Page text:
# Math Help - Scalar product problem

1. ## Scalar product problem

I feel sorry to ask help for this problem, since I believe it's a simple one. But I go nowhere when I think alone.
The problem states :
Let $\langle \cdot ,\cdot\rangle$ be one of the following scalar product in the space of polynomials with real coefficients of degree $\leq n$.
a) $\langle f,g \rangle=\sum_{j=0}^n f(x_j)g(x_j)$, with $x_i$ different from $x_j$ when $i$ different from $j$.
b) $\langle f,g \rangle=\int_0^1 f(x)g(x)dx$.
Prove that { $1,x,x^2,...,x^n$} is not an orthogonal set if $n\geq 2$.
--------------------------
First : I don't know how to start. Second : in the item a), I don't understand why there is the condition of the "i", if it isn't even in the equation. Maybe an error of text, so it should be $f(x_i)g(x_j)$? Third : About what I must prove. It says, an orthogonal set, wouldn't it be an orthogonal basis? But even having said that, I still don't understand at all what they ask me to do. Please help me!

2. Originally Posted by arbolis
I feel sorry to ask help for this problem, since I believe it's a simple one. But I go nowhere when I think alone.
The problem states :
Let $\langle \cdot ,\cdot\rangle$ be one of the following scalar product in the space of polynomials with real coefficients of degree $\leq n$.
a) $\langle f,g \rangle=\sum_{j=0}^n f(x_j)g(x_j)$, with $x_i$ different from $x_j$ when $i$ different from $j$.
b) $\langle f,g \rangle=\int_0^1 f(x)g(x)dx$.
Prove that { $1,x,x^2,...,x^n$} is not an orthogonal set if $n\geq 2$.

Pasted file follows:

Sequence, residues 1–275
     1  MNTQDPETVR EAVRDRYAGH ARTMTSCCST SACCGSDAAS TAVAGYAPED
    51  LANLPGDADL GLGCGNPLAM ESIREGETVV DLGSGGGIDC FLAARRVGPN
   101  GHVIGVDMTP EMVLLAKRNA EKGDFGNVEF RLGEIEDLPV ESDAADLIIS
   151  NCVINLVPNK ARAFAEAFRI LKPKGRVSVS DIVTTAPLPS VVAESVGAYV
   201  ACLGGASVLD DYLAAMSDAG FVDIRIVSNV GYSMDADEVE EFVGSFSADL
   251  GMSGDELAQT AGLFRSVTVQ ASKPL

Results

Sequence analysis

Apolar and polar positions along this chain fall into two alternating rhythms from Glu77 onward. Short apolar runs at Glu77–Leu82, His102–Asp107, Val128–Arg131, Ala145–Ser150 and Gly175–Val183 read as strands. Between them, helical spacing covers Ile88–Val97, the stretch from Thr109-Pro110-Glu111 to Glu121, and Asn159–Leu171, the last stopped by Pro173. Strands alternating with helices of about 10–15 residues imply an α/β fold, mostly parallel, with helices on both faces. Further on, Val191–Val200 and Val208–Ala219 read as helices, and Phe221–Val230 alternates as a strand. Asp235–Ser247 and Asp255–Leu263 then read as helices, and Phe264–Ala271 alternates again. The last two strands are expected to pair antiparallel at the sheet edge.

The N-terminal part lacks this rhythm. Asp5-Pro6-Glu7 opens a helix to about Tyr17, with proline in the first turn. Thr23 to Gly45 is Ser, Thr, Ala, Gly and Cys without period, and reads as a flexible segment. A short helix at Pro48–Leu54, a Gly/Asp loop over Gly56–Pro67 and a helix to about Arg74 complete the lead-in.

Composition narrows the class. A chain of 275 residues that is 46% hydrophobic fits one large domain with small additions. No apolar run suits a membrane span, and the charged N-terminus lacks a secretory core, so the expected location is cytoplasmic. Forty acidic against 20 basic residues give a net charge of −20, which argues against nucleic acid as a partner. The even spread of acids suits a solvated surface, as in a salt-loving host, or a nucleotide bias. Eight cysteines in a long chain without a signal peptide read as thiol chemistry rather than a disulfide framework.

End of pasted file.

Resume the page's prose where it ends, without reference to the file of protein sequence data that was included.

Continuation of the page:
--------------------------
First : I don't know how to start. Second : in the item a), I don't understand why there is the condition of the "i", if it isn't even in the equation. Maybe an error of text, so it should be $f(x_i)g(x_j)$? Third : About what I must prove. It says, an orthogonal set, wouldn't it be an orthogonal basis? But even having said that, I still don't understand at all what they ask me to do. Please help me!

Two Vectors are orthogonal if there inner product is zero

For b) I think your inner product should be

$=\int_{-1}^{1}f(x)g(x)dx$

Then the vectors $1 \\\ x$ are orthogonal

$<1,x>=\int_{-1}^{1}1\cdot x dx=\frac{1}{2}x^2 \bigg|_{-1}^{1}=\frac{1}{2}(1^2-(-1)^2)=0$

but if you try

$
<1,x^2>=\frac{2}{3} \ne 0$
so they are not orthogonal.

I hope this helps.

3. Originally Posted by TheEmptySet
For b) I think your inner product should be

$=\int_{-1}^{1}f(x)g(x)dx$
.
Why do you think so?

4. Originally Posted by Isomorphism
Why do you think so?
It wouldn't be orthogonal for any n, whereas the question asks for n>2 :/

5. I hope this helps.
Yes it does. But I insist, I think it's $\int_0^1 f(x)g(x)dx$. If the lower limit of the integral would be $-1$, then I must show that the product of 2 different functions is an odd function. It wouldn't be always true, but as you shown, if $n=2$ then it doesn't work. So it's not even worth looking for further n.
I think I'm starting to understand the problem. So please answer me to :
it says, an orthogonal set, wouldn't it be an orthogonal basis?
Now for the a). If $j=0$, I get $f(1)g(1)$. How can they want me to say it's equal to 0? There's no way to suppose this!

6. The set $\{ 1,x,x^2,...x^n\}$ does not form a orthogonal basis for the innerproduct space $P_n$ with respect to the innerproduct $=\int_{-1}^{1}f(x)g(x)dx$

Look for the Orthogonality property here

Legendre polynomials - Wikipedia, the free encyclopedia

and for the Gram-Schmidt process here

Gramâ€“Schmidt process - Wikipedia, the free encyclopedia

If you use the Gram-Schmidt process on the above set you will obtain an orthogonal set with respect to the inner product mentioned it turns out to be the Legendre polynomials.

7. Thanks a lot TheEmptySet. It looks very interesting to me even if quite hard to understand.
And well... I give up for the a). I'll ask help to a friend on Monday, maybe he understood this.